Not sure your school system is bad, all of this stuff is mainly funny tricks you'll never stumble upon during a normal life, but understanding those correctly helps me to understand what is a limit, what is a set, what is "dividing" : that's easier for me to remember those tricks than to remember the "normal", very boring, definitions of things ;) Aaaannnnd, you know, seeing someone good at one thing doesn't mean he's good at any other thing ;) lol

I'm just curious, that's why I go to those extents... Last time I had a serious and difficult and real math problem to deal with, it was about implementing programmatically a way to do 3D rotations to move virtual objects in 3D, with either matrices or quaternions. I never studied that, but succeeded in using quaternions, and ... it didn't solved my problem completely, but not because of my maths at least ! (the coordinates I had to deal with were somewhat "twisted" in a regular way, and I hadn't enough time to investigate and write code about that).

Well, by comparison, thinking about dividing zero by zero make me feel more restful ! 🤣

1 week ago

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Well, yeah, math tricks *are* fun. Especially when you very subtly break a rule in order to "prove" something obviously false (such as 0=1). People are nearly always baffled by it. :D

And I'm pretty sure I *am* a bad engineer, not because our school system is bad (that's a different issue), but because I chose to work with something else despite my diploma exactly because I don't trust myself to not kill people due to sheer incompetence. Or maybe the feeling that you're incompetent is normal and I just went full paranoid; I don't know.

1 week ago

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Not an engineer myself, I can't really tell you. First time I had to design something to kill people, I was 6 and it was all about choosing the right tree branch to make a bow. Arrows were not firing straight... But I didn't gave up (hence my profile background).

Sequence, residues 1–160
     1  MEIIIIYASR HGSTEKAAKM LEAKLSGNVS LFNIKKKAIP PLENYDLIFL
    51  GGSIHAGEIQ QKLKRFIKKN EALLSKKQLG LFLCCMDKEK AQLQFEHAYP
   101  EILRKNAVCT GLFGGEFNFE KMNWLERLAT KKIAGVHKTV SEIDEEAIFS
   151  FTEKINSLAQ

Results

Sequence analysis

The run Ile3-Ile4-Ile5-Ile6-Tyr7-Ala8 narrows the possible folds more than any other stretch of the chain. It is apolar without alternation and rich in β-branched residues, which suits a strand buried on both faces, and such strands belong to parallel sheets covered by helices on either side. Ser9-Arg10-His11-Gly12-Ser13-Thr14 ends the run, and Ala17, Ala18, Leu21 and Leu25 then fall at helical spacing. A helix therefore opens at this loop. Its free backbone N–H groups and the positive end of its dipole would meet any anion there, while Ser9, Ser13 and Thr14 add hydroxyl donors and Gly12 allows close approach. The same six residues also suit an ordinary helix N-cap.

😂

But, seriously, working with the right or wrong people can have a huge effect on how one feels at work... (just my 2 cents)

1 week ago

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Now I have to crumple up my previous work and throw it in the *bin*

Base 19 and Base 21 is the answer! They equal!

2 weeks ago

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Today's 9/10/21...

I've asked this question before, but today is my cakeday. So please, as this day might be the last chance to ask, and get a final answer. What is 9+10?

Is it 19?

Or is it 21?

And if you want to meet in the

middleof the road... nO. 😒Off the topic, but some people think that your birthday/cakeday is the day you should receive stuff. However, when I was in elementary school, it was customary to bring some sweets to share with the class to compensate them for singing Happy Birthday song. I believe something similar is going on here on SG.

So enjoy your treats :P

And while we're talking about treats, I want to recommend you a book. It has 5 letter title...

Can you guess it? :3